Washington, DC: Ads for alcohol coming to Metro
By Max Smith
November 20, 2015
WASHINGTON — Next to ads for doctors, townhomes or food, Metro rail and bus riders will soon see ads for alcohol across the system.
The Metro Board voted 7-1 on Thursday to allow the ads, with only Board Chairman Mort Downey opposed. He had supported the change in committee, which Metro staff project will bring in about $5 million in additional advertising revenues over the next several years.
Opponents of the plan who spoke at the meeting Thursday, including former Maryland Del. Bill Bronrott, cited research that they say shows the negative impact of alcohol advertising on underage drinking and related decisions.
They argued that increased alcohol advertising leads to heavier underage drinking and other issues.
“The fact is, the states and local jurisdictions in our region are already far short of resources to adequately address the multitude of health and safety consequences of alcohol abuse and dependence — problems that many of us do not typically hear about until it’s reported on the 11 o’clock news, in our local newspapers or when there’s a knock on the door in the middle of the night — when it’s too late,” Bronrott told the board.
“These include vehicle crashes, alcohol poisoning, dropping out of school, lost wages, domestic violence, street violence, rape, homicides, homelessness, suicides, stillbirths, and increased risks of cancer, heart disease and stroke,” he said.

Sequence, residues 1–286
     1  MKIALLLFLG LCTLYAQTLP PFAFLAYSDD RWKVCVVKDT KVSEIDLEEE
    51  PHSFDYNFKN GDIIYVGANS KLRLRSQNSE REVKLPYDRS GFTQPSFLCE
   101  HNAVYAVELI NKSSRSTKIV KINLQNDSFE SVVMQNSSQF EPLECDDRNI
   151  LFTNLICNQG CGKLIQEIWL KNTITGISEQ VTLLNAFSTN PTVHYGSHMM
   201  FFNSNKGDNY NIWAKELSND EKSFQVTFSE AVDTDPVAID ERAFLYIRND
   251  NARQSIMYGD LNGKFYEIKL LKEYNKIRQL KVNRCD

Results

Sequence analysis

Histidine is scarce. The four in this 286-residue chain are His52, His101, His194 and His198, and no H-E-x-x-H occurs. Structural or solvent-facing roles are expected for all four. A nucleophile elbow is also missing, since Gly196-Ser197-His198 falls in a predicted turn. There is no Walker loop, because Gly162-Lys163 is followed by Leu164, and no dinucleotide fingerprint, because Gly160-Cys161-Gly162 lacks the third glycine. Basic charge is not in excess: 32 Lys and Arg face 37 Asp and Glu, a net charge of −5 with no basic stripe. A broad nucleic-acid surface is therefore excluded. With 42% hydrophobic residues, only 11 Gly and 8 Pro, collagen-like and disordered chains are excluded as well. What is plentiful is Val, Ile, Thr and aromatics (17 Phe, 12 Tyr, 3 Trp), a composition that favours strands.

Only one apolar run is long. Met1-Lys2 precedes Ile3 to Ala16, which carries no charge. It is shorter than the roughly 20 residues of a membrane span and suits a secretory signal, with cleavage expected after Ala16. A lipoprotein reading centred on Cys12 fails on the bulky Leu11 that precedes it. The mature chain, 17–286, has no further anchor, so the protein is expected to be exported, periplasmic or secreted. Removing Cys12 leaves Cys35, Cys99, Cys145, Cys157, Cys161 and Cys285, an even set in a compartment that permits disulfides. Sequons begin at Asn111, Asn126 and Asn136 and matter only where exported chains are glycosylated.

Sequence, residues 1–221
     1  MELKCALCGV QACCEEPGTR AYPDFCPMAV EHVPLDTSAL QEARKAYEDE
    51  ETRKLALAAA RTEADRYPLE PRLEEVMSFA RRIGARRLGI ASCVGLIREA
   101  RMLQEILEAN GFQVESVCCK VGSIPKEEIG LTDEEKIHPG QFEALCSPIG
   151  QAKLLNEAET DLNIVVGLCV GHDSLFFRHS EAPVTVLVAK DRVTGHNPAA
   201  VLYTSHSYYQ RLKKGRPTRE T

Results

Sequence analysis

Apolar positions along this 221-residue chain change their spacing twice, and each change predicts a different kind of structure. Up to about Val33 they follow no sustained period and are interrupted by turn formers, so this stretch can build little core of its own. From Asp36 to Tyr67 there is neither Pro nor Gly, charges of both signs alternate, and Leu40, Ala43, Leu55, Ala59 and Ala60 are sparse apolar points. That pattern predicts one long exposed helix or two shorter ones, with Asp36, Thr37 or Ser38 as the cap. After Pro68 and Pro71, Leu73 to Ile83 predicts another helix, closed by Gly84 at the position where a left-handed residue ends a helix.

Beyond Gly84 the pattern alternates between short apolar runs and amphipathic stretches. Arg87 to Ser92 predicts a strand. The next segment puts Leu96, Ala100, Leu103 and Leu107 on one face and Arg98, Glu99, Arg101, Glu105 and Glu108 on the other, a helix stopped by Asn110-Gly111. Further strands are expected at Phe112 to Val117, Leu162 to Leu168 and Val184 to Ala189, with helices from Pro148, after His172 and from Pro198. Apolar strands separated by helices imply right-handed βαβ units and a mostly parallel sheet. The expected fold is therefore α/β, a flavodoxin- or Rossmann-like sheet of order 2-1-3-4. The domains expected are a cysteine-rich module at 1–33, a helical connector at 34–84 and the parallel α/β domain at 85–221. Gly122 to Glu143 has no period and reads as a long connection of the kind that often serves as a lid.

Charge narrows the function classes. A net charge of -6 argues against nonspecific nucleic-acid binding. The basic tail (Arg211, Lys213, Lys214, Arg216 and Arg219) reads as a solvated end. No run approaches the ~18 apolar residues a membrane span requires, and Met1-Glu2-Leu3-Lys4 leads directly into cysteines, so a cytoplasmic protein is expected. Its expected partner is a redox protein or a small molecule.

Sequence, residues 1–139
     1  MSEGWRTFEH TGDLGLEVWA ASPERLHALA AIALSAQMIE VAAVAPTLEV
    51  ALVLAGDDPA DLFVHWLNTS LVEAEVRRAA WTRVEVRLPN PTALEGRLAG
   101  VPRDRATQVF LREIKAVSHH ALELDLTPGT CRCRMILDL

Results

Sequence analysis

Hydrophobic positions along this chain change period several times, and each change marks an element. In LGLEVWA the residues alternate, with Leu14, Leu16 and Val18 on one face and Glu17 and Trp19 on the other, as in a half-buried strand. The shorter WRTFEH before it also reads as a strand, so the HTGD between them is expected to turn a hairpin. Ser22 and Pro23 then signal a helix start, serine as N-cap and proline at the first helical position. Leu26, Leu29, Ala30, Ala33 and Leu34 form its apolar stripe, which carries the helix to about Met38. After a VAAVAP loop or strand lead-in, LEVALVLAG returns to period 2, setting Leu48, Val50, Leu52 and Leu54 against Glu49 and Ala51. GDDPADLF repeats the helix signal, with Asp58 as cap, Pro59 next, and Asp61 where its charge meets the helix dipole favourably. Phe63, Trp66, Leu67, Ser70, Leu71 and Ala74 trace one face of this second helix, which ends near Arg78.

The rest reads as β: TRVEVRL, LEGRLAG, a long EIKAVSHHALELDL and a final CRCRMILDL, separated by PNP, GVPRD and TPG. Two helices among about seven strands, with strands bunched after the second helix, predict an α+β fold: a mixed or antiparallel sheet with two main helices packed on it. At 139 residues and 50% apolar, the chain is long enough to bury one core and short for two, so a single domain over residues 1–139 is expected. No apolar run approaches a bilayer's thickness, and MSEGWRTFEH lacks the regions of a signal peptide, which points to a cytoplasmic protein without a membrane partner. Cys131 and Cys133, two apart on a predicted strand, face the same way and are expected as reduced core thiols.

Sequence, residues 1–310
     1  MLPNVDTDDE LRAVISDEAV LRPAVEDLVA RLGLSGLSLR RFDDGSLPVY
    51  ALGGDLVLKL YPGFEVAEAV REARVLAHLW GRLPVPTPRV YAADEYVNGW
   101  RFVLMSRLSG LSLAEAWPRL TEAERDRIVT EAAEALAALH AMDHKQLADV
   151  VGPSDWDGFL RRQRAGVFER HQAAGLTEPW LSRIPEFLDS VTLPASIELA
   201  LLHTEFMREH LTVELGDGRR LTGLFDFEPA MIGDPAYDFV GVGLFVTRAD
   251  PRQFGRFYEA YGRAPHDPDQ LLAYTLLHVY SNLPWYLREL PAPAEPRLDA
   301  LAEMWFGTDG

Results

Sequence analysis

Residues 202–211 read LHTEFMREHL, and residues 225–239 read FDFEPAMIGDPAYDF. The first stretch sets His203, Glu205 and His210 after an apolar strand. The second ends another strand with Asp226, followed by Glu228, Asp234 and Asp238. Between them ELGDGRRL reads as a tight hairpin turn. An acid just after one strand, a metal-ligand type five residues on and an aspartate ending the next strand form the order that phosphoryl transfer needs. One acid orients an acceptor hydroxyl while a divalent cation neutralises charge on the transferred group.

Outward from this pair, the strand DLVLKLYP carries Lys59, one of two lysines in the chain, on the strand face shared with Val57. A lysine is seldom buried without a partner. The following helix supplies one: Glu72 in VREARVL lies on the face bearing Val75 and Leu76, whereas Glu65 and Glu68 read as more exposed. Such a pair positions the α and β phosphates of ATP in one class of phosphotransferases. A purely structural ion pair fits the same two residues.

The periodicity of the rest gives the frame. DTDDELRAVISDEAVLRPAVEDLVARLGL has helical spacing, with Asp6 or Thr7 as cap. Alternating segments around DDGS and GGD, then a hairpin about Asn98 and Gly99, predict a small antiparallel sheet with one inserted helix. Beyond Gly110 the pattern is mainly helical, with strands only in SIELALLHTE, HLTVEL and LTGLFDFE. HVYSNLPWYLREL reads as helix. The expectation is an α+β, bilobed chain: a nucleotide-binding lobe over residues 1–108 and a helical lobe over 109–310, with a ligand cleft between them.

The D.C. Department of Transportation already accepts alcohol ads on bus shelters, but Maryland’s transit systems and Fairfax Connector in Virginia do not.
Maryland Metro Board Member Michael Goldman said the Maryland policy, which is based on an executive order, could limit where Metro could actually place the alcohol ads, but still voted for the new policy.
Metro staff plan to come back to the board with more specifics on where the ads could be placed.
In a separate vote, the board also extended Metro’s ban on issue-oriented advertising, which is projected to have cut about $1.6 million from overall advertising revenue since the ban was enacted in May. The ban covers political, religious and advocacy ads.
In addition, the board voted to add new forms of advertising for the Metro system. That includes railcars fully-wrapped on the outside or inside with ads, new digital advertising panels and other ads on glass or metal surfaces in train stations or at bus stops.